Session was delighted to get to meet with our confirmation class today after church and learn about them and their statements of faith. Here is a collection of young people inspired to bring God’s love into the world in real and tangible ways! Join us as we welcome five of the eight on Sunday June 10th. The remaining three will be baptized and confirmed later in the summer.
Summer worship services this year will begin at 10:30 a.m. as during the rest of the year….EXCEPT July 1, when we worship at UCC at 9:30 a.m.
A big thank you to…
All who participated in the Walk for Hunger, including, Linda Roscoe; Tara Goss; Debbie Mirabello; Mercy Agyapong; Vida Pipim’s sons, Sammy and Roderick; Sue McGilvray-Rivet; Caitlin Rivet and Baby Eddie! We raised ~$4805!
Three Great Things!
Our worship service on June 10th will highlight a trinity (how appropriate!) of celebrations:
Confirmation! – Eight of our youth have completed the confirmation class and will officially join the church.
Graduation! – We will honor our two graduating high school seniors, Evynand Akombi and Annabel Greco.
Appreciation! – We will offer thanks for our Sunday school teachers and assistants.
Earlier this year we collected winter clothing for the folks served by Elm Brook Place. Included in the several bags collected were some spring/summer clothes. Those were recently delivered to the site, along with a check for $300 from proceeds from the sale of Easter flowers. This is how the director replied: “Thank you so much for your community’s kind support of Elm Brook Place!! We use donated money to help fund our health and wellness program at the YMCA, pay for special recreational outings, as well as a slush fund to help people out in emergencies such as homelessness etc.”
So that our regular pre-school class teachers can take a break for the summer, we are asking for volunteers each Sunday to lead Summer Celebration, the class for 3-year-olds through 6-year-olds during the worship service. This is FUN & EASY, and we will provide you with everything you need to read & discuss a Bible story, then do a simple craft or game. Please say yes and sign up for a Sunday! Thanks.
We welcome to our sanctuary a beautiful Knabe Baby Grand piano. This joyful addition to our church was made possible by memorial funds given in memory of Philip Harry Reisman Jr. & Anna Tiebout Reisman, Bill Piper, Bill Simpson, Bobbie Steeves, Patty Rosenthal & Lynda Graham-Meho. Let us remember the loving kindness of those beloved brothers and sisters of ours while we worship God through our music!
Summer is finally upon us and here are some worship dates and notes to mark on your calendars:
June 3 – Communion
June 10 – Confirmation of this year’s terrific confirmation class
and Teacher appreciation
June 24 – Special Worship Service to Honor Rev. Rod MacDonald as Pastor Emeritus
and enhanced coffee hour afterwards
July 1, when we worship at UCC at 9:30 a.m.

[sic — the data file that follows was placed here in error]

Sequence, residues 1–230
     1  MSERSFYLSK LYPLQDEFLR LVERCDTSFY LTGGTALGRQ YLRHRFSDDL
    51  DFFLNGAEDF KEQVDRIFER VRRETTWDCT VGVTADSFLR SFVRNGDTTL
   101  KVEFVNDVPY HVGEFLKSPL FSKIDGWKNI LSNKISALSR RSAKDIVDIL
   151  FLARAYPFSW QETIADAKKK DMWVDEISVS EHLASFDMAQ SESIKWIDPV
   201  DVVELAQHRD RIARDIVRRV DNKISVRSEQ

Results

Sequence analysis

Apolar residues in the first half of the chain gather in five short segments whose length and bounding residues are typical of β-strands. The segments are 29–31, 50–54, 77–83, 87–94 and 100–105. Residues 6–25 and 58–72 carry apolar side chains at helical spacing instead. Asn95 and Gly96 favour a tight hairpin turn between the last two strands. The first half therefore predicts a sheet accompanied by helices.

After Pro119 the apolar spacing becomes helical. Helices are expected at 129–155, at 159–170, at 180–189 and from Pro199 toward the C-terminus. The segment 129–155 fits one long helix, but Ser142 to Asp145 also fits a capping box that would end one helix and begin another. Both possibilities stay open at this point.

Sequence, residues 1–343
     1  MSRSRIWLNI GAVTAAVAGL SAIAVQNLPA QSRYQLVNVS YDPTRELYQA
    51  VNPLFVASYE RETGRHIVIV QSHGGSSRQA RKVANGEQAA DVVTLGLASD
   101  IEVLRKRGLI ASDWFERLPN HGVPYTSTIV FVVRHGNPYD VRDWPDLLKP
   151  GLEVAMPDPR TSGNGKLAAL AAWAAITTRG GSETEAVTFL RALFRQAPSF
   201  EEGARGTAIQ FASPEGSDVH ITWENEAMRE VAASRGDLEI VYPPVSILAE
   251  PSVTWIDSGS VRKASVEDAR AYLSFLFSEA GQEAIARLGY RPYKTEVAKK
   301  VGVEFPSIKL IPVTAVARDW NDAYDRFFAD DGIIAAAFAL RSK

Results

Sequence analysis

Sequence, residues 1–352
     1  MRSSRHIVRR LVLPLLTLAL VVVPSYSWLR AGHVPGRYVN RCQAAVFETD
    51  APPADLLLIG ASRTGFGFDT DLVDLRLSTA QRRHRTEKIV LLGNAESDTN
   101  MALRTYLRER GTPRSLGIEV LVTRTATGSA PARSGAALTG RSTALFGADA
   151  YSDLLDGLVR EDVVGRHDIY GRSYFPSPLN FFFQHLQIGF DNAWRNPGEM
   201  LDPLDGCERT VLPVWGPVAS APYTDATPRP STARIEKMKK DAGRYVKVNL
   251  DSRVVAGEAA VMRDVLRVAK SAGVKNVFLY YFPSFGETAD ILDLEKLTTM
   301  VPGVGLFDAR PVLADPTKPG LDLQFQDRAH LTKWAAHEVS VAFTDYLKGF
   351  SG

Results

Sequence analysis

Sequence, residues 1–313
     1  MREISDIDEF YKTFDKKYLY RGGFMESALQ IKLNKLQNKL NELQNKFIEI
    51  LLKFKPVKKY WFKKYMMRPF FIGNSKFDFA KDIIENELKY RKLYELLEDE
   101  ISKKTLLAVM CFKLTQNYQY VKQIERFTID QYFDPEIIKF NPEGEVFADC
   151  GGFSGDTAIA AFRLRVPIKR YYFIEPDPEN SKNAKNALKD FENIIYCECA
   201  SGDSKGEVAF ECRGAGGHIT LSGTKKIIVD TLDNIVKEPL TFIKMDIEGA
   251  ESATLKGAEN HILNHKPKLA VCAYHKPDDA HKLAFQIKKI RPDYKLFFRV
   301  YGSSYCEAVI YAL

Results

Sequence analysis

On August 5 we will host members of UCC and share communion at BPC
Stay tuned for some upgrades to the sound system in the sanctuary, approved by Session in May.
During the week of May 28th, the men’s room was converted to a unisex handicap restroom. We will keep all the previous toilets and sink (new faucet and mirror) since they are in ADA compliance. A new 36” door with a new closure (one new closure for the women’s also) was installed with a new lockset. The wall as you enter the room was taken down and a new knee wall was built next to the toilet with three safety handrails. A new Pergo floor was installed over the tiles. A new electric heater was installed with a new baseboard. The room was painted a light gray and a baby changer was installed. If you are using the room, make sure you lock the door. We will have a key to get in if there is an emergency.
Women’s Bible Study
Womens Bible Study will be coming to an end at the end of May. We will be having an end of the year brunch on June 7. All the women of the church are invited to attend. It will start at 9:30 am.
Poor People’s Campaign – A Season of Moral Resistance
Most people don’t like confrontation, and many of us become wary when religious discourse threatens to become “too political.” The Old Testament prophets, however, specialized in moral and political confrontation. Consider this passage from the prophet Isaiah:
“Those who enact unjust policies are as good as dead, those who are always instituting unfair regulations, to keep the poor from getting fair treatment, and to deprive the oppressed among my people of justice, so they can steal what widows own, and loot what belongs to orphans. What will you do on judgment day, when destruction arrives from a distant place? To whom will you run for help? Where will you leave your wealth?” (Isaiah 10:1-3 New English Translation)
Jesus, himself, did not shy away from confrontation with the leaders of his day:
“Now then, you Pharisees clean the outside of the cup and dish, but inside you are full of greed and wickedness. You foolish people! Did not the one who made the outside make the inside also? But now as for what is inside you—be generous to the poor, and everything will be clean for you. Woe to you Pharisees, because you give God a tenth of your mint, rue and all other kinds of garden herbs, but you neglect justice and the love of God. You should have practiced the latter without leaving the former undone.” (Luke 11:39-42 New International Version)